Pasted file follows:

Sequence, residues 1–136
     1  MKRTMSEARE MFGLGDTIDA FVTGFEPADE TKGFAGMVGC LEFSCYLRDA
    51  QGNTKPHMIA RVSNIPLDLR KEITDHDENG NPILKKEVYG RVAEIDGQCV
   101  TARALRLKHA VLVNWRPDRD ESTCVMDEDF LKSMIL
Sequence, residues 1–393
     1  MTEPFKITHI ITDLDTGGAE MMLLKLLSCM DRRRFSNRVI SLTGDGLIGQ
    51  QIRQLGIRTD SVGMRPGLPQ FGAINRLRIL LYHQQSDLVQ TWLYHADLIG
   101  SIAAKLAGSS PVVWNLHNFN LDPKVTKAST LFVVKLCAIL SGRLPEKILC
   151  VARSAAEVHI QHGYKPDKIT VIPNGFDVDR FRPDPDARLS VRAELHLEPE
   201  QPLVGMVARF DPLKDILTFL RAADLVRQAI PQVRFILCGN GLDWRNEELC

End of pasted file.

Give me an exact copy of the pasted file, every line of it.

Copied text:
Sequence, residues 1–136
     1  MKRTMSEARE MFGLGDTIDA FVTGFEPADE TKGFAGMVGC LEFSCYLRDA
    51  QGNTKPHMIA RVSNIPLDLR KEITDHDENG NPILKKEVYG RVAEIDGQCV
   101  TARALRLKHA VLVNWRPDRD ESTCVMDEDF LKSMIL
Sequence, residues 1–393
     1  MTEPFKITHI ITDLDTGGAE MMLLKLLSCM DRRRFSNRVI SLTGDGLIGQ
    51  QIRQLGIRTD SVGMRPGLPQ FGAINRLRIL LYHQQSDLVQ TWLYHADLIG
   101  SIAAKLAGSS PVVWNLHNFN LDPKVTKAST LFVVKLCAIL SGRLPEKILC
   151  VARSAAEVHI QHGYKPDKIT VIPNGFDVDR FRPDPDARLS VRAELHLEPE
   201  QPLVGMVARF DPLKDILTFL RAADLVRQAI PQVRFILCGN GLDWRNEELC